Voting is underway in the Ivory Coast as President Alassane Ouattara seeks a third contested term in an election that two of the four candidates have urged their supporters to boycott.
The vote is seen as a test of stability as 30 people have been killed in pre-election violence, evoking the memories of the 2010 vote, which unleashed a brief civil war that killed 3,000 people after former president Laurent Gbagbo refused to step down.
"Why is it important for me to come and vote? I want the situation in the country to be clarified so that all of us can live in peace," said Barakissa Cissé, a shopkeeper.
Ouattara,78, initially told supporters he would step down but he decided to run again after his chosen successor died suddenly in July.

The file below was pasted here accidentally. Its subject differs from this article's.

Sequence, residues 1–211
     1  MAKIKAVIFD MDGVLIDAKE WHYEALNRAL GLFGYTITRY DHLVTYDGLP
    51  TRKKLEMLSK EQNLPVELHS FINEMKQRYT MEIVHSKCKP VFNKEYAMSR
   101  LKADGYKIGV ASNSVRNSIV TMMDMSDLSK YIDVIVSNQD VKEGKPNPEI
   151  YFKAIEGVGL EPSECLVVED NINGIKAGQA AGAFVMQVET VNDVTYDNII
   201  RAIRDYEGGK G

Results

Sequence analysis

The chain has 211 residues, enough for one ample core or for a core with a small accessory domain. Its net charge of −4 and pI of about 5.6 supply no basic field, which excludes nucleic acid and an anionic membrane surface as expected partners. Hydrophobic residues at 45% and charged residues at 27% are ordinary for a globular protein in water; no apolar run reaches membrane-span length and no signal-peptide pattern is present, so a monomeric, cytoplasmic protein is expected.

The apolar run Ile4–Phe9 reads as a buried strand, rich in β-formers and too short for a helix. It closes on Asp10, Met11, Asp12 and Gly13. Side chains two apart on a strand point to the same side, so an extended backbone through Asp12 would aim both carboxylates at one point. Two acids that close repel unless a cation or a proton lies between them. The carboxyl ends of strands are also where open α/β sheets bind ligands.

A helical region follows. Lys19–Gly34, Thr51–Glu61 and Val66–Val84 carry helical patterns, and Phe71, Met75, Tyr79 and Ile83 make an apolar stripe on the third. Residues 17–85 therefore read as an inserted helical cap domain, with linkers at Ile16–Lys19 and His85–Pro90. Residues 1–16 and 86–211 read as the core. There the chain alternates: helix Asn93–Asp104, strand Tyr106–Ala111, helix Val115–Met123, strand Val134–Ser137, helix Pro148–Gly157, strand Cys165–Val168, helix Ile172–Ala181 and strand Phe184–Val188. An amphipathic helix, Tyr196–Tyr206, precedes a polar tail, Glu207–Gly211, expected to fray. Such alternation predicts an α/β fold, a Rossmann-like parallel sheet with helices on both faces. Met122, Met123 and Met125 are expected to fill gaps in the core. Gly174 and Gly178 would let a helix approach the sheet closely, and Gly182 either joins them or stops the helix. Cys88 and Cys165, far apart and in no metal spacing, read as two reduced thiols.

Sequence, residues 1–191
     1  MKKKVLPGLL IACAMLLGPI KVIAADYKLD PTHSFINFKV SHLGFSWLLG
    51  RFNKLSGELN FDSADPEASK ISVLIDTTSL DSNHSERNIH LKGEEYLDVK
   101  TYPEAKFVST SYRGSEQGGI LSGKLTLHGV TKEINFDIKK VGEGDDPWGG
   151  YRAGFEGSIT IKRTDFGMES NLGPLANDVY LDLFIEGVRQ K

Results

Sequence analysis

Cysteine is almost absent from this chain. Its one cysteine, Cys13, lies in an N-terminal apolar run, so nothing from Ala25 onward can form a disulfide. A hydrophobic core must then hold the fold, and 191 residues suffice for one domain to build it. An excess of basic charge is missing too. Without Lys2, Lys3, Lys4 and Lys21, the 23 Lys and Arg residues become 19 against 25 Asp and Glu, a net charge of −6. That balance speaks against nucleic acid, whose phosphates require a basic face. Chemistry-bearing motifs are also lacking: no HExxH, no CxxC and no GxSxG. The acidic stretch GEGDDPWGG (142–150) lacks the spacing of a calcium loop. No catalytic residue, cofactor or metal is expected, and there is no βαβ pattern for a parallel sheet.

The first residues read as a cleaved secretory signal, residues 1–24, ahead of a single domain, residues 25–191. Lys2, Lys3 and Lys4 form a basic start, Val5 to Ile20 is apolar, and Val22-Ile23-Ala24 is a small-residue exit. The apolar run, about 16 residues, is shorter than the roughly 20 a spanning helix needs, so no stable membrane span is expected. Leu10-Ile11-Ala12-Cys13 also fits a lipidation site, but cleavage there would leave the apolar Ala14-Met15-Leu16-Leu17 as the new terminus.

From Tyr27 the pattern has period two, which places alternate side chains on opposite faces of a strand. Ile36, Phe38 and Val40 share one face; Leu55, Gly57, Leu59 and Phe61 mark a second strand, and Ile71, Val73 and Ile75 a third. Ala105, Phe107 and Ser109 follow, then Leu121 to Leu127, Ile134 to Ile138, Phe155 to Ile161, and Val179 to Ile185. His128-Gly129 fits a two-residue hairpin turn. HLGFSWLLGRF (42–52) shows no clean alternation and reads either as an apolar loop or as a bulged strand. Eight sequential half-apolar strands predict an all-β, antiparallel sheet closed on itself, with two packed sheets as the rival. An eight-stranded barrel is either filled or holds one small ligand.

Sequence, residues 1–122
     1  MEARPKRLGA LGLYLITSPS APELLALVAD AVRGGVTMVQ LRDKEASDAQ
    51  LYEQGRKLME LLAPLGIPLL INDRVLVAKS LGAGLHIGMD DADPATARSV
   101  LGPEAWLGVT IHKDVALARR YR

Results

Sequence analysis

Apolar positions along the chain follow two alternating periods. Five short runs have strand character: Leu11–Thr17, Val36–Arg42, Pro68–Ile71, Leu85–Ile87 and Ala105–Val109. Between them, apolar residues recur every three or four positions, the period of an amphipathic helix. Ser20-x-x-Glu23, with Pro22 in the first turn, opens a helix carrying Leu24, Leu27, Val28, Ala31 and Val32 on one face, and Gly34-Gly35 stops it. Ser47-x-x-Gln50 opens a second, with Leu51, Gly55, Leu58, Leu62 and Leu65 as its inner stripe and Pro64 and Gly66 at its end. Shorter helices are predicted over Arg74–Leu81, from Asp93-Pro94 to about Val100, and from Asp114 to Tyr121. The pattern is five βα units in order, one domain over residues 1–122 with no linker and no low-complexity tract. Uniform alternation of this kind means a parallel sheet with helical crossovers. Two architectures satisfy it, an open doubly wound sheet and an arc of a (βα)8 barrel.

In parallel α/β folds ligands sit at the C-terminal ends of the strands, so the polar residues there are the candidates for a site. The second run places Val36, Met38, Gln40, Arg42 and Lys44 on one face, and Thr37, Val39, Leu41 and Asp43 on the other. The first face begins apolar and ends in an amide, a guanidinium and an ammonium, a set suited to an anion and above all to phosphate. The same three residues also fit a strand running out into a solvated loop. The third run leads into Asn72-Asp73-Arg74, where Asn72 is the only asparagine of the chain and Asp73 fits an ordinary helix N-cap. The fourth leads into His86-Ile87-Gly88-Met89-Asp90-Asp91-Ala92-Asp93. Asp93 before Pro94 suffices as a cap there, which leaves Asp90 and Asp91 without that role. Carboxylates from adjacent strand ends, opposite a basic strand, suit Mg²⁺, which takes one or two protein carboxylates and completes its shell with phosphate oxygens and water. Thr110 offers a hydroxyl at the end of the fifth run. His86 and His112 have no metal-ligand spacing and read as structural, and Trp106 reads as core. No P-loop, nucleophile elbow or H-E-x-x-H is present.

The president says he can run again under a new constitution approved in 2016. But his opponents say he is breaking the law as the constitution limits presidents to two-term.
Ouattara's two main rivals former president Henri Konan Bedie and former prime minister Pascal Affi N’Guessan, have called for an election boycott.
But voters turned out when polling stations opened at 8:00 am (0700 GMT).
"It's a way of showing that we want a change, that's what we're here for, to show that we agree or disagree, so it's in the ballot box," said Mohamed Fofana, a student.
Appeal for calm
Bedie and opposition leaders also accuse the electoral commission and the constitutional court of favouring the government.
The ballot in French-speaking West Africa's economic powerhouse, which is the world's biggest cocoa producer, is a crunch test for the region.
Nigeria is facing widespread social protests, Mali is emerging from a coup and jihadist violence wracks the Sahel.
The UN has urged calm and 35,000 police and security force officials have been mobilised to secure the election.